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Thread: Would you rather give a TED talk and be banned, or just give a TED talk?

  1. #1 Would you rather give a TED talk and be banned, or just give a TED talk? 
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    Since I found out about Sheldrake's 'banning' I found others as well. Really interesting stuff has been banned. And not without evidence either, like rich people actually don't create our jobs (given by a successful business man). It made me wonder what other really interesting stuff is being denied us by TED.


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    If they have banned Sheldrake, it gives me hope that they are maintaining high standards.

    And this stuff isn't being "denied us" (otherwise you wouldn't know about it). You can find Sheldrake's inane blathering all over the place.


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    Who's Sheldrake?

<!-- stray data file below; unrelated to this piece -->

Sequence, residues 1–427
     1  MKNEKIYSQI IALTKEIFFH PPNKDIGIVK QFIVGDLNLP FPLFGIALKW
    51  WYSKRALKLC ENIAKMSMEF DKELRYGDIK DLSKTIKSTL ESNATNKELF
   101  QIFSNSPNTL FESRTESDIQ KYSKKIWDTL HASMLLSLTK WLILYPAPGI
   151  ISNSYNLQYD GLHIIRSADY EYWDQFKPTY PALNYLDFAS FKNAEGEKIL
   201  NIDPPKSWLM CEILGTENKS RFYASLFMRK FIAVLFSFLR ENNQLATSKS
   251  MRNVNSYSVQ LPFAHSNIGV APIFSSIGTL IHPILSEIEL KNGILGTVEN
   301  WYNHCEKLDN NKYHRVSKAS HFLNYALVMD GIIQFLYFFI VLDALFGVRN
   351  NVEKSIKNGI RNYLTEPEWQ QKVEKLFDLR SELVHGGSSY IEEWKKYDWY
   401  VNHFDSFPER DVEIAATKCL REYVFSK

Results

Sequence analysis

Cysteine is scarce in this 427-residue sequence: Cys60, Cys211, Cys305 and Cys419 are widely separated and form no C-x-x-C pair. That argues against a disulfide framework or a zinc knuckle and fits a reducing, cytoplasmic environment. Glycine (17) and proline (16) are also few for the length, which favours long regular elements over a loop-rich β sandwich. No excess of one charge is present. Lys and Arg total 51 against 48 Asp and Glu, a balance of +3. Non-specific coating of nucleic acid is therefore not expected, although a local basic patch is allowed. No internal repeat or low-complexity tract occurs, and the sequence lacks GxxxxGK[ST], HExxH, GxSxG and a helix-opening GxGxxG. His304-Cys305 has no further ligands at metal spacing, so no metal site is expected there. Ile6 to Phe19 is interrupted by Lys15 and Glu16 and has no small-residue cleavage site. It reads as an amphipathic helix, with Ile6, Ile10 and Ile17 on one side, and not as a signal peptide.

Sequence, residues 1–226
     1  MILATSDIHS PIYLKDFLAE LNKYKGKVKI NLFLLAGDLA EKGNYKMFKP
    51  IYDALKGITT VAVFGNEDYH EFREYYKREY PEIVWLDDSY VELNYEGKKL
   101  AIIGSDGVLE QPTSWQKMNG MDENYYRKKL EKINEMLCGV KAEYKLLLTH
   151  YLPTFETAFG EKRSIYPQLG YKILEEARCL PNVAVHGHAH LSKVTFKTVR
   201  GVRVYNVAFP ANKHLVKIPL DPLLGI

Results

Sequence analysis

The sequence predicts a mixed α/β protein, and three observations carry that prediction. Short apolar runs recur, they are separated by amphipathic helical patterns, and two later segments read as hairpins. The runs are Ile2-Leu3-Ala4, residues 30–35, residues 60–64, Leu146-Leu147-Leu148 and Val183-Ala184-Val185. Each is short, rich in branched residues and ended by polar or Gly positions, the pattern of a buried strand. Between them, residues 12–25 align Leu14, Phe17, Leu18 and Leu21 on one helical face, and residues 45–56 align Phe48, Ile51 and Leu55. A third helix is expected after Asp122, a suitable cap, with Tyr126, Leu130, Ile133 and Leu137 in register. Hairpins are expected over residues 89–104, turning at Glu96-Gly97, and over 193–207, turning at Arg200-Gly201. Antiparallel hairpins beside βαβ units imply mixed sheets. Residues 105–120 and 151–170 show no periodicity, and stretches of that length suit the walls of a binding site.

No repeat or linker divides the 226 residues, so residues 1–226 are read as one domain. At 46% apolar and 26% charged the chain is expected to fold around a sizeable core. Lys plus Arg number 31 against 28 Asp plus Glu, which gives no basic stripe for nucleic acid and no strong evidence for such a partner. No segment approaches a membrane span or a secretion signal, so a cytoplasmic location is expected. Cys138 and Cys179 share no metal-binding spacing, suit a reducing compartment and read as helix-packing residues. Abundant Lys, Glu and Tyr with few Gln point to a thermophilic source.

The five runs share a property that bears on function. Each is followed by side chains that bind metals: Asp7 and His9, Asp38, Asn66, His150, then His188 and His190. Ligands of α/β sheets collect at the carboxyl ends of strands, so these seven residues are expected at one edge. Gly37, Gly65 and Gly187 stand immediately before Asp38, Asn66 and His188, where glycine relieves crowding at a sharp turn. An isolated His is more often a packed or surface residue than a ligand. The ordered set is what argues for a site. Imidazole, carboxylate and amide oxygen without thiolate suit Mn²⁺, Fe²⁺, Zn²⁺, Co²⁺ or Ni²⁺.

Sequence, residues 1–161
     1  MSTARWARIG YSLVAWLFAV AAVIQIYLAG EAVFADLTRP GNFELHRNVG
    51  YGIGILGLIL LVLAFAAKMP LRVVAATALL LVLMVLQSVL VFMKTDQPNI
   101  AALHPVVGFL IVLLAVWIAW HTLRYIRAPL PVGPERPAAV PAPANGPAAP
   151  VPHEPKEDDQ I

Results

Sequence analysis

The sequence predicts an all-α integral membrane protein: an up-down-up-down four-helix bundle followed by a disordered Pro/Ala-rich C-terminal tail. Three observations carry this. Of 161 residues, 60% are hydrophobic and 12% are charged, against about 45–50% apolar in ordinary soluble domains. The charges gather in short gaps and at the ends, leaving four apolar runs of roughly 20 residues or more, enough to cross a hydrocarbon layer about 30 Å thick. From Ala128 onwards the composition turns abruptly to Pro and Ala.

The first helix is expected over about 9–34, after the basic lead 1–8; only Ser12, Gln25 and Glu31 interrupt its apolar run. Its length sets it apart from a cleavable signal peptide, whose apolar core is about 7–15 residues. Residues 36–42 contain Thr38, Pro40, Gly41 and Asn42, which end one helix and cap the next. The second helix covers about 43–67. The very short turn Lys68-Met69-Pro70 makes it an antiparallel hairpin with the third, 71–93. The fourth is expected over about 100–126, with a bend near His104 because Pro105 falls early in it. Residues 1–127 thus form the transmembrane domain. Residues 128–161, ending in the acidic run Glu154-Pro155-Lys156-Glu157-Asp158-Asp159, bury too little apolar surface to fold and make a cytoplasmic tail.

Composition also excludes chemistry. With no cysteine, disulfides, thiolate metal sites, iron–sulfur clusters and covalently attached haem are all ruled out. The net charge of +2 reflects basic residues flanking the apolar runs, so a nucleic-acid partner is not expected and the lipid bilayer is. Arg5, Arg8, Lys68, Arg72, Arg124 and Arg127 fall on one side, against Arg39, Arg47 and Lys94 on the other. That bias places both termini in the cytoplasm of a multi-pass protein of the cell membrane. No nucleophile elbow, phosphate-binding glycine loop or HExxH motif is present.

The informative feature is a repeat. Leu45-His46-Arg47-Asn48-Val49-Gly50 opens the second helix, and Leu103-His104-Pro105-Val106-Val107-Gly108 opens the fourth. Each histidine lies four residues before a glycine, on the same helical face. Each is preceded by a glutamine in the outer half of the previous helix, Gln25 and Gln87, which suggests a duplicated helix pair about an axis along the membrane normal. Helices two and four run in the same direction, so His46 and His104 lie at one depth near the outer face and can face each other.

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    Quote Originally Posted by Harold14370 View Post
    Who's Sheldrake?
    This pseudoscientist: Rupert Sheldrake - Wikipedia, the free encyclopedia
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    Ted hasn't banned anyone...but he does like the ladies and bud light

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    Fixin' shit that ain't broke.
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    Ted talks are by invitation. They invited him once, he gave a talk. After a large number of people not only complained but conclusively showed that his talk was factually wrong, the talk was archived and the link removed from the main list. It wasn't deleted, it's still viewable if you have the link. It's likely that he won't be invited again though, which isn't technically the same as banning.

    EDIT: I just went and checked. It's still up on their site, but not on their youtube channel. The pages on the site (there are many blog and conversation entries) give reasons for its removal from youtube, which amount to what I said above.
    Last edited by Karsus; January 22nd, 2014 at 06:18 PM.
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    If Morphic Resonance was A Thing then Humans would probably be galaxy-shaped and not people-shaped.
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    But some people are galaxy shaped. They just ate a whole heap of food to get that way.